An ethical dilemma

This is a true story from a few weeks back; a bit of the anarchy perhaps, a musing of ethics and just me trying to consolidate my understanding of a complex issue.  The story goes like this…

A married guy is witnessed by a female friend at a sexual health clinic.  The friend knows that the man goes away on ‘hunting trips’ and that he hasn’t had sex with his wife for a long time; his wife just isn’t interested in sex at the moment.  The man has a family, two children aged 10 and 12.  What does she do? Tell the wife? or keep quiet?  Well, in this case, the female friend confronted him but was not going to tell his wife.  Her rationale was ‘protecting’ her friend and their family, it would jeopardise their family and cause undue pain and suffering, acting out of compassion perhaps.

She was adamant that overall happiness of the family was more important than the truth.  I was adamant that the truth was more important.  This discussion led to me rethinking ethics in an attempt to understand my belief and hers. It also led to a very heated discussion.

Position 1:

We have a duty to truth, because living with truth is hugely important.  Being happy but deluded is, for me, missing the point of being alive.  Ignorance is bliss as they say, but yet we all look down on ignorance as being a lesser realm of existence.  And this view runs fairly fundamental to my view of life.  My view, yes, life can be hard, the truth can be hard, but I want it real, at least with the very important stuff.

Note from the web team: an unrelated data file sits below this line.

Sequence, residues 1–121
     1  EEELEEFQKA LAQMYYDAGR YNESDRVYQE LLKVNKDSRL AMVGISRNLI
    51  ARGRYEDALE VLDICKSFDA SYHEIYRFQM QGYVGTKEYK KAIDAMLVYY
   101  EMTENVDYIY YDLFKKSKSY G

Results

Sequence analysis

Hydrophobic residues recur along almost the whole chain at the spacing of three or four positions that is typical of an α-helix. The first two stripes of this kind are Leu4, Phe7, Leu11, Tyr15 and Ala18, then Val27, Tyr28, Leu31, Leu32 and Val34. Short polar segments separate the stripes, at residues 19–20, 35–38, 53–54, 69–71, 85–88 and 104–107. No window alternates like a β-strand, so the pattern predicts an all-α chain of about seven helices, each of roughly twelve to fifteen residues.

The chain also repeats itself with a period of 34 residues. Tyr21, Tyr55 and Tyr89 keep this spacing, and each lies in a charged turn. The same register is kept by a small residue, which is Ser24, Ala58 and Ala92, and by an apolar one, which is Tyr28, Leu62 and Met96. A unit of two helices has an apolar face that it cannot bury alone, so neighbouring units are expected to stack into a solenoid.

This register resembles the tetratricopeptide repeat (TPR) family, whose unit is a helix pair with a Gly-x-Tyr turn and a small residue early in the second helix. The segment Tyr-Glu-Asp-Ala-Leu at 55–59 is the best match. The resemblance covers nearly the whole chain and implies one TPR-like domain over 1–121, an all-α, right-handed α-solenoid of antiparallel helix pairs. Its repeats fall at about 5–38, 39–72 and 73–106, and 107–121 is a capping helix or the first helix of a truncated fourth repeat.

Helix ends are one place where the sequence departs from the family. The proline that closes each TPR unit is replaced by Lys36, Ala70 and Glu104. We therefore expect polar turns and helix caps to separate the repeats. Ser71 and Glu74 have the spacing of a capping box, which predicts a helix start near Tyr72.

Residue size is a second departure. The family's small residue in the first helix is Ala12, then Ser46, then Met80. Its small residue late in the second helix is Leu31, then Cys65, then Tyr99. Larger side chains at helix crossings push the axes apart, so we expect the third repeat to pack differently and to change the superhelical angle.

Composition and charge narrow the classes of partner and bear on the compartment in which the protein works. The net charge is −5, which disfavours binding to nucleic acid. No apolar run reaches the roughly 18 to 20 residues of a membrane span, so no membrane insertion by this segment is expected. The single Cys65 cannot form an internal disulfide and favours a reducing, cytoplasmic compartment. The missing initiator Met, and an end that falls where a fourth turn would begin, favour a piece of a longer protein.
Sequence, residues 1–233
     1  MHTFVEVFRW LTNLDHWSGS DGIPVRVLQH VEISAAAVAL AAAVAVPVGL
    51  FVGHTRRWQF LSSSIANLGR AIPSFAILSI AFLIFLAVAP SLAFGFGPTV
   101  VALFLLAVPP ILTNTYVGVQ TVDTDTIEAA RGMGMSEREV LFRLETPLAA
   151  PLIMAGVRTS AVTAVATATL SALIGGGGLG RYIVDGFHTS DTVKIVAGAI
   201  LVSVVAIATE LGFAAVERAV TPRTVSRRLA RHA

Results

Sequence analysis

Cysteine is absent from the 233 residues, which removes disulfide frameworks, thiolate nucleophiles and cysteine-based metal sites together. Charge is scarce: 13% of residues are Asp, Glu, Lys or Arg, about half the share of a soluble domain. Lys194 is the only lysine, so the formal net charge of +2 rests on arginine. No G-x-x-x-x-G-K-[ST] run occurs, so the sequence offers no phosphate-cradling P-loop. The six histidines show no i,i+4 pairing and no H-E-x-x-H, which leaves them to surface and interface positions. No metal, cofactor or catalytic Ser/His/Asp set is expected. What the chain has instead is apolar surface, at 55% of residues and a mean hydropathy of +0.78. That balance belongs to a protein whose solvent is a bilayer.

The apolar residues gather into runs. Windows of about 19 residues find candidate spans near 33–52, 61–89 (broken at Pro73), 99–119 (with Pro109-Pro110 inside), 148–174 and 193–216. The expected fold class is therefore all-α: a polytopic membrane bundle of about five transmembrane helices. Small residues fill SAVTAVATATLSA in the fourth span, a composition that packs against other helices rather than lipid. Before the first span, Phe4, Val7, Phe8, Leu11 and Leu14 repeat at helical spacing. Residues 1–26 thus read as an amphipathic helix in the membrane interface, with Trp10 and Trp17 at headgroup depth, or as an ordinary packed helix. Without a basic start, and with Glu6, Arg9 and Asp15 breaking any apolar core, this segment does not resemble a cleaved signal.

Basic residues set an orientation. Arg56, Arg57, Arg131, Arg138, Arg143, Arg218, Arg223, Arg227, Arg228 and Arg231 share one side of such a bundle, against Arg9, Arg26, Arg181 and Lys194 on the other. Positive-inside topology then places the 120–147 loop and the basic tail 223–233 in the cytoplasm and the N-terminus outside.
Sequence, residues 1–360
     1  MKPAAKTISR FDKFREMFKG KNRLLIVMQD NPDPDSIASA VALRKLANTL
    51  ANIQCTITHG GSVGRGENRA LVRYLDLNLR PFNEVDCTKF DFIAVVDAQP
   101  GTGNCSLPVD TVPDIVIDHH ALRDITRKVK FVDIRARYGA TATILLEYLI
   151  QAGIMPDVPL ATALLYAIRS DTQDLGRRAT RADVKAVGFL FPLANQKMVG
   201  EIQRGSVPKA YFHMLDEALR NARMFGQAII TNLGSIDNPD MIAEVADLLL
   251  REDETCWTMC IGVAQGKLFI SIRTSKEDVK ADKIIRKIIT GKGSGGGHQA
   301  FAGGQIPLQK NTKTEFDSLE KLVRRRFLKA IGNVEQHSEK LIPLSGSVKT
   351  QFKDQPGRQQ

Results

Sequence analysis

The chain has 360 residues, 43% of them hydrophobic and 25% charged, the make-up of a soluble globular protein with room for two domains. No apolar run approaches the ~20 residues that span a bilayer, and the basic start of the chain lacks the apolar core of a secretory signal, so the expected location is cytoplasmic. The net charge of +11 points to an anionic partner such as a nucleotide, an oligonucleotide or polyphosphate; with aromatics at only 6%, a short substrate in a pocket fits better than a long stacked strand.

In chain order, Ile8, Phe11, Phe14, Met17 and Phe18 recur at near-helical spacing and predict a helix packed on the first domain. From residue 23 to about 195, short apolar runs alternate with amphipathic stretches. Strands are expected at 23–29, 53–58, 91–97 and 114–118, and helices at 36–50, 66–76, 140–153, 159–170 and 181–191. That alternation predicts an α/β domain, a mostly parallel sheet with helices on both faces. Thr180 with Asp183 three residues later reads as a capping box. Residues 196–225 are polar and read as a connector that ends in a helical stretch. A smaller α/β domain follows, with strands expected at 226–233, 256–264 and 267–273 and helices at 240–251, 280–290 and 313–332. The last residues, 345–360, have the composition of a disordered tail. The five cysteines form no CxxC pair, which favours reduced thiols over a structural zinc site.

A part of this belief comes from something similar to the experience machine of Robert Nozick.  The experience machine allows a person to have any experience in an unreal world, the experience feels just like the real thing.   The experiencer could, for example, be president, an olympic champion, Don Juan or, in this case, the wife of this man, happily married.  The point of this is that we would value the real experience as greater than the fake experience, being in real life is better than being in the thought machine.  We hold this as true, despite their being no palpable difference between them in terms of experience, the fake vs the real.

This doesn’t so neatly apply to the circumstance of the husband and his family.  The wife of the deceitful husband would suffer some damage from inaction as her husband could not possibly be 100% committed emotionally and physically while being deceitful.  Its therefore questionable which course of action actually will generate more net happiness.

The second point I have about this is based on Kantian ethics:

“Act only on that Maxim through which at the same time you can will that it should become a universal law.”

What happens if we make ignorance for the sake of happiness a universal to all mode of being.  In other words we extrapolate its use for everything.  In Kantian terms, lying to protect others becomes a Universal Imperative (something everyone must do), so we make ignorance to protect others our method of achieving happiness.  Clearly this would be bad.  We need truth, right?  Without truth what do we have that we can trust? Nothing?  So this would lead to a completely irrational view of the world, causality would cease to be useful as the truthful basis of our assumptions and premise would be flawed.  Would this be okay? No! it would not.  If the truth of the world ceased to make sense to us, if we lost trust in the statements of others, then we would trust nothing and keep meeting circumstances that plunge us painfully from unreality into reality.